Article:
Study tips

Students around the world are notorious for pulling all night study sessions, and sleeping on an irregular schedule. However, a new study by Boston College comparing sleep patterns of students in 50 countries reports some surprising findings. For example, Japanese students have some of the lowest rates of sleep deprivation, while their peers in the U.S., Saudi Arabia, and even high-performing Finland suffer from a severe lack of sleep.

Lack of sleep was found to be a significant factor in students’ low achievement in school. Another report even cites that students who sleep longer tend to have higher overall GPAs.

How does it work?

New memories are formed in the brain when we engage with information—like attending a class, or reading a book. These new memories, however, are quite vulnerable in the beginning. We need to improve these memories to make them stick. Notes, flashcards, and mindmaps are one great way to engage with material, but research has shown that time spent sleeping also plays a crucial role in preserving these memories. In other words, sleep is just as important as studying in remembering material for your courses.

Tips to improve memory, retention, and grades

1. Set a regular schedule and stick to it

Waking up, and going to sleep at different times each day can really mess with your body’s circadian rhythms. When planning your course schedule, try to select your first class with a relatively similar start time for each day of the week. Don’t forget to also plan your study times so that you can also go to sleep at a similar time each night. Your body works best on a schedule, so try to stick to it at least through the weekdays.

2. Don’t text or answer phone calls while sleeping

Research has shown that waking up to respond to phone calls or text messages can degrade your quality of sleep. Let your friends and family know about your sleep routine, and mute your phone while you’re sleeping.

3. Turn off your computer monitor and cell phone screen while sleeping

The light from your computer and/or cell phone screen can also impair your sleep cycle. Your body may be confused by the bright light, and your circadian rhythms will be out of cycle. Don’t forget to shut off luminous devices before your shut your eyes.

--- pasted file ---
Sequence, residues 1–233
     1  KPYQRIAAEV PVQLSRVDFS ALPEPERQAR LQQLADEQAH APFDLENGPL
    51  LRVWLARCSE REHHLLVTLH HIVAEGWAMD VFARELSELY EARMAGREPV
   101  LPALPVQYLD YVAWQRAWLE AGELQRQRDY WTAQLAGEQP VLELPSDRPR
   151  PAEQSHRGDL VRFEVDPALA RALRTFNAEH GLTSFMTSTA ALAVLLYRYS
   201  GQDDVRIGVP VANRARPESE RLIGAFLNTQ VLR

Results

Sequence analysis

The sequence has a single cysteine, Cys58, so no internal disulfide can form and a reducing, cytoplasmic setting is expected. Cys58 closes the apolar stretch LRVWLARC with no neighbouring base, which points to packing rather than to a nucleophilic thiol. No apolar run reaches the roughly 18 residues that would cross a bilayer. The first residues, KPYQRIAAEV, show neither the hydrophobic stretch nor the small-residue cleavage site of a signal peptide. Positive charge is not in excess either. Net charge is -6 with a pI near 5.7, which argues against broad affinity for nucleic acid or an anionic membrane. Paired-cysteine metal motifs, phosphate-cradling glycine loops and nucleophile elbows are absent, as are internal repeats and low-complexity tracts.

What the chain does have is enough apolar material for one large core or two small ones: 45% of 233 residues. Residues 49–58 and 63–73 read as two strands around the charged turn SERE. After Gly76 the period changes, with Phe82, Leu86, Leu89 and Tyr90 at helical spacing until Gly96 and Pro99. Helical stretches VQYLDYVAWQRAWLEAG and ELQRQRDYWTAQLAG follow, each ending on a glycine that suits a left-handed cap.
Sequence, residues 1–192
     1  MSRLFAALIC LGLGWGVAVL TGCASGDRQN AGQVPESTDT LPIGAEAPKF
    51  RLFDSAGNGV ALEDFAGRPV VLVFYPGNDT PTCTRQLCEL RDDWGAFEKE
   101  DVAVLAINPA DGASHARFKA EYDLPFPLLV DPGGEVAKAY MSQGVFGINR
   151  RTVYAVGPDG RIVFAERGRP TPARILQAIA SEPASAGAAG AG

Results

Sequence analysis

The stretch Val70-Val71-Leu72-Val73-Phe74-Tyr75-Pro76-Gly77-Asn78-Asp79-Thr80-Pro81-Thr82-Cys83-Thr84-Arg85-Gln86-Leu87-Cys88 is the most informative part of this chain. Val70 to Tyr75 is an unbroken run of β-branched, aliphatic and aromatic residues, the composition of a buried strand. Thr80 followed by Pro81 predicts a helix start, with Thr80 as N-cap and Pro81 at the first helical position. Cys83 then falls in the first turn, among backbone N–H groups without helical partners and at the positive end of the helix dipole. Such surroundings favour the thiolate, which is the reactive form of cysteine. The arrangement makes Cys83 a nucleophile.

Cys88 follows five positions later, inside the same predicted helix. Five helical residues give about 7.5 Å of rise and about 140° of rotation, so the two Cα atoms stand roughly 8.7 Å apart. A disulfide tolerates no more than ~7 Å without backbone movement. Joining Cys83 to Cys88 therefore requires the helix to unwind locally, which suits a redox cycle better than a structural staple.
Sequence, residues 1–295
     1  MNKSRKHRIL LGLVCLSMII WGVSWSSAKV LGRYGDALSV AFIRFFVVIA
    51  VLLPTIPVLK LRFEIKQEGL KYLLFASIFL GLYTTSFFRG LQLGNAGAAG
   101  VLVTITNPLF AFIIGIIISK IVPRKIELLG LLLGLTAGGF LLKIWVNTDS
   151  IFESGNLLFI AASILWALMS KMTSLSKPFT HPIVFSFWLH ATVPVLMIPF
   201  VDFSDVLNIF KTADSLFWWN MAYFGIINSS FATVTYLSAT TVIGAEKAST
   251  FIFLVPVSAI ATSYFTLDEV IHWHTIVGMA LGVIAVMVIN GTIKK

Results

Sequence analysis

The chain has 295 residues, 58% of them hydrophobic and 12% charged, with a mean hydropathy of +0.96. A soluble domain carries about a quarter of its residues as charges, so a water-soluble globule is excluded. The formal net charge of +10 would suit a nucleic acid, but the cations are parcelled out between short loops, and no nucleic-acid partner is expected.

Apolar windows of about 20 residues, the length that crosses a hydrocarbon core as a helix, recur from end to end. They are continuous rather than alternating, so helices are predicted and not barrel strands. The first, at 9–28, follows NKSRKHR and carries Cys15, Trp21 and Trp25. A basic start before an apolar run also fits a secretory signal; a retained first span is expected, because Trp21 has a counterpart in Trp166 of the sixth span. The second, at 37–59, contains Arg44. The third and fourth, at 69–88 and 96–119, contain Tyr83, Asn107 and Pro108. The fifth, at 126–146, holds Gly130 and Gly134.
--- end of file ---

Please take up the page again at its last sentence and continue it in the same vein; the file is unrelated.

4. Leave enough time to study—don’t pull all-nighters

If you procrastinate on studying, you will find yourself nearing final exams with an entire semester of information to absorb. By planning your schedule and sticking with study sessions you will be more relaxed, and less prone to all night cramming sessions, which are harmfull for your mind, and body.

5. Take short power naps throughout the day

If you find yourself getting less than 8 hours of sleep per night, consider power napping. Take a nap in the library between classes, or go back to your room for a quick sleep. Keep the nap between 15-30 minutes for optimal effects.


References
[1] Beth Israel Deaconess Medical Center (2005, June 29). Study Shows How Sleep Improves Memory. ScienceDaily. Retrieved May 21, 2013, from http://www.sciencedaily.com­/releases/2005/06/050629070337.htm
[2] Coughlan, S. (2013, 05 08). Lack of sleep blights pupils’ education. Retrieved from http://www.bbc.co.uk/news/business-22209818

[3] Lund HG, et al.
Sleep patterns and predictors of disturbed sleep in a large population of college students.
J Adolesc Health online, 2009.

 


Christiaan
@christiaan

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